Payback is an intelligent, wide-ranging book that examines the metaphor of debt and the role it takes in our lives. Debt is like air – something we take for granted and never think about until things go wrong. This is not a book about debt management or high finance, but about debt as a very old, central motif in religion and literature and also in the structuring of human societies. She looks at the language of debt in the Old Testament – what was ‘owed’ to God, and why. She then turns to investigate debt as sin in medieval and Elizabethan literature, before it develops into a plot-driving concept in nineteenth and twentieth century novels. The debts to society and to nature are discussed in the final essay in this book as Atwood explores how debt as a metaphor affects our understanding of the environment and death. Topical, enlightening and probing, this is the work of one of the most gifted writers of our generation.
36. The Tent
A collection of writings encompasses a range of literary forms, including parodies, playlets, monologues, and meditations, dealing with such topics as the relationships between men and women and the fleeting thrills of youth and fame.
37. The Door
A collection of poems that gravitate between the personal and political, the lyrical and meditative, and the ironic and prophetic, exploring such themes as the writing of poetry, the awareness of mortality, and the passage of time.
38. Writing with Intent
The first collection of nonfiction work by the author in more than two decades features fifty-seven essays and reviews on a wide range of topics, including John Updike, Toni Morrison, grunge, September 11th, and Gabriel Garca Mrquez, among others. Reprint.
39. Up in the Tree
Two children who live in a tree don’t know what to do when beavers take their ladder, and after rescue comes at the hands of a friend, they find a way to return without worry.
41. Moving Targets
The most precious treasure of this collection is that it gives us the rich back-story and diverse range of influences on Margaret Atwood’s work. From the aunts who encouraged her nascent writing career to the influence of George Orwell’s Nineteen Eighty-Four on The Handmaid’s Tale, we trace the movement of Atwood’s fertile and curious mind in action over the years.Atwood’s controversial political pieces, Napoleon’s Two Biggest Mistakes and Letter to America — both not-so-veiled warnings about the repercussions of the war in Iraq — also appear, alongside pieces that exhibit her active concern for the environment, the North, and the future of the human race. Atwood also writes about her peers: John Updike, Marina Warner, Italo Calvino, Marian Engel, Toni Morrison, Angela Carter, Gabriel Garcia Marquez, Mordecai Richler, Elmore Leonard, and Ursula Le Guin.This is a landmark volume from a major writer whose worldwide readership is in the millions, and whose work has influenced and entertained generations. Moving Targets is the companion volume to Second Words.
42. Oryx And Crake
From the #1 New York Times bestselling author of The Handmaid’s Tale Oryx and Crake is at once an unforgettable love story and a compelling vision of the future. Snowman, known as Jimmy before mankind was overwhelmed by a plague, is struggling to survive in a world where he may be the last human, and mourning the loss of his best friend, Crake, and the beautiful and elusive Oryx whom they both loved. In search of answers, Snowman embarks on a journey–with the help of the green-eyed Children of Crake–through the lush wilderness that was so recently a great city, until powerful corporations took mankind on an uncontrolled genetic engineering ride. Margaret Atwood projects us into a near future that is both all too familiar and beyond our imagining.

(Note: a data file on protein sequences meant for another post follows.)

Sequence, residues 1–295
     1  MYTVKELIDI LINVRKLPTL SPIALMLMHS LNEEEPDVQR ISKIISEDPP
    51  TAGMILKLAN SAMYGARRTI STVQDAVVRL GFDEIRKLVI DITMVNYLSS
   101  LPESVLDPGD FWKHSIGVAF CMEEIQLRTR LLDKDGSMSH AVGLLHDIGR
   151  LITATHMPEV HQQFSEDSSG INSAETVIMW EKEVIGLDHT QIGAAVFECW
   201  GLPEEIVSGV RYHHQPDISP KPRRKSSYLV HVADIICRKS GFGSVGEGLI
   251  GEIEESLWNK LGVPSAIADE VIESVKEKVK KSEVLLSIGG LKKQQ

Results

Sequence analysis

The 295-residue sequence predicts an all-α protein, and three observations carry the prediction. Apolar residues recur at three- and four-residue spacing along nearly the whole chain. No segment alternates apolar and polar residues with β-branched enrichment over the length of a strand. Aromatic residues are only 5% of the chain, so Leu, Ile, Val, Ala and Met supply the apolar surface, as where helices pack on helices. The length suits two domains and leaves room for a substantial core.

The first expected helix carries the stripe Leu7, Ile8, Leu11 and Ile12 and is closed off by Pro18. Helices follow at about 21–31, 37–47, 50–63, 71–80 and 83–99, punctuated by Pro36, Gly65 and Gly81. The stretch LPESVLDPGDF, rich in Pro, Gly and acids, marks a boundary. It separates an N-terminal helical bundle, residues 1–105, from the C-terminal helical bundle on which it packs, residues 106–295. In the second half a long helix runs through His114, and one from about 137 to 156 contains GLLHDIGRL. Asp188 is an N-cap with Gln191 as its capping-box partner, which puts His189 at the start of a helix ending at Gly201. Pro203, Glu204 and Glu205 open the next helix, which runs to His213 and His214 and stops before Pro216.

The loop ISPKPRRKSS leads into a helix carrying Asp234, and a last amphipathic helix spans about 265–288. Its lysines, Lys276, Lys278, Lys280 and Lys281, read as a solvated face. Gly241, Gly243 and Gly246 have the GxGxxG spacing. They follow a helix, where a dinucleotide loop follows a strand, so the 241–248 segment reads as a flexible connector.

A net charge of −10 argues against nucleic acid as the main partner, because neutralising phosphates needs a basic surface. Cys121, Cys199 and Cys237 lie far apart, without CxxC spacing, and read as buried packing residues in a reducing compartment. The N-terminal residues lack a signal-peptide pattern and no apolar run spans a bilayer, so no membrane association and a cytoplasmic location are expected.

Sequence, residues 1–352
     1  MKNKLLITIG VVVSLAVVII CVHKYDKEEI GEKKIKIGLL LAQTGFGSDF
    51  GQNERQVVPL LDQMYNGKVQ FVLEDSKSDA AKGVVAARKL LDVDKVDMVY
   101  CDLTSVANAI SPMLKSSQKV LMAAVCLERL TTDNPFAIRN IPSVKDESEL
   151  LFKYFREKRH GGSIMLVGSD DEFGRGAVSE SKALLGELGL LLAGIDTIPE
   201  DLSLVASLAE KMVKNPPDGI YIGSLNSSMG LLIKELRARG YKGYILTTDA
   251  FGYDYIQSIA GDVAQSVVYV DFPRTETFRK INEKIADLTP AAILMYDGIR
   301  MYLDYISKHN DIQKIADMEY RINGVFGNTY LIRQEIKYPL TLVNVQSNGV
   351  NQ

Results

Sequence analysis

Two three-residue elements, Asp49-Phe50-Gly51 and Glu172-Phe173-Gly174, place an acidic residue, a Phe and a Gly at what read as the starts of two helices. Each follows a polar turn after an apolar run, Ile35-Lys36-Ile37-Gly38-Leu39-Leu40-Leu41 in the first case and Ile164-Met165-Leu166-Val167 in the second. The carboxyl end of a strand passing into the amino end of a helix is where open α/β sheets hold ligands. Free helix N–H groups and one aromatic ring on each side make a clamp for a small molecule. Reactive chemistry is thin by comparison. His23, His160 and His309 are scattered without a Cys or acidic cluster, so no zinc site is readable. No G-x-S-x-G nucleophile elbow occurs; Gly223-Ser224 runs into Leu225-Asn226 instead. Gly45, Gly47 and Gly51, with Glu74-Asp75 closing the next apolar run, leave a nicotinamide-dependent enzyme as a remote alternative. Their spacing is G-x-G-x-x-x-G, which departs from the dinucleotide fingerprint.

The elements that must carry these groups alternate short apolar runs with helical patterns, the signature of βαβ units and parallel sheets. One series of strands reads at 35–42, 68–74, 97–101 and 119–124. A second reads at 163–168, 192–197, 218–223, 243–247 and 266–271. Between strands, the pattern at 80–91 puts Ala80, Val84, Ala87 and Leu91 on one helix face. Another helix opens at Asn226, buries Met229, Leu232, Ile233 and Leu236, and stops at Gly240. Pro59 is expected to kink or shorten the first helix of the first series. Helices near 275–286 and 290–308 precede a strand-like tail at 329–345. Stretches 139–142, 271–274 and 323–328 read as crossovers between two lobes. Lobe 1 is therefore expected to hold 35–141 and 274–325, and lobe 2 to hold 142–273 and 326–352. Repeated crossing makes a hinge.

44. Story of a Nation
Inspired by history,Story of a Nationis a beautifully illustrated collection of original stories from some of Canada’s most celebrated and best-loved authors. Twelve of the country’s finest writers, including Margaret Atwood, Roch Carrier, Timothy Findley, Antonine Maillet, Alberto Manguel and Michael Turner, when presented with the question, What are the great events in Canadian history? responded by travelling into the past to discover the moments, both familiar and unexpected, that shaped our nation. Drawing on their skills as master storytellers, the contributors to this collection offer wonderfully imaginative accounts of what it’s like to make history. Margaret Atwood casts her eye back to 1759 and brilliantly captures the journal entries of a frightened French woman, trapped in Québec City as the English forces attack. In “The First of July,” David Macfarlane’s youthful narrator loses himself in the papers of an elderly neighbour, and through the records of her past, experiences the heartbreaking, stunting loss of war. In Thomas King’s hilarious story, “Where the Borg Are,” a young boy named Milton Friendlybear offers a Star Trekkian reinterpretation of the Indian Act, linking its significance to the fate of the universe. And revisiting an occasion of huge national pride, Michelle Berry tells the story of a four-year-old girl caught up in the excitement of the 1972 Summit Series, hopeful that the passion of hockey will hold her crumbling family together. Each of these magical stories is further brought to life by an accompanying visual narrative. Vividly illustrating the joy, sorrow, anger and passion of more than two centuries of our history, here are fifty unforgettable images: the Belgian Queen, a seductive reminder that the Klondike of Roch Carrier’s story was anything but a purely masculine domain; Kurt Meyer, the SS officer who represented evil in the childhood of John Ralston Saul and of many other children whose fathers landed on Juno beach in June 1944; and Viola Desmond at the Hi-Hat Club, whose glamour and elegance contrasted starkly with the small-minded racism so powerfully chronicled by Dionne Brand. With a preface by Rudyard Griffiths, executive director of The Dominion Institute, and introduced by distinguished historian Christopher Moore,Story of a Nationis a moving celebration of Canada’s extraordinary history and our exceptional writers.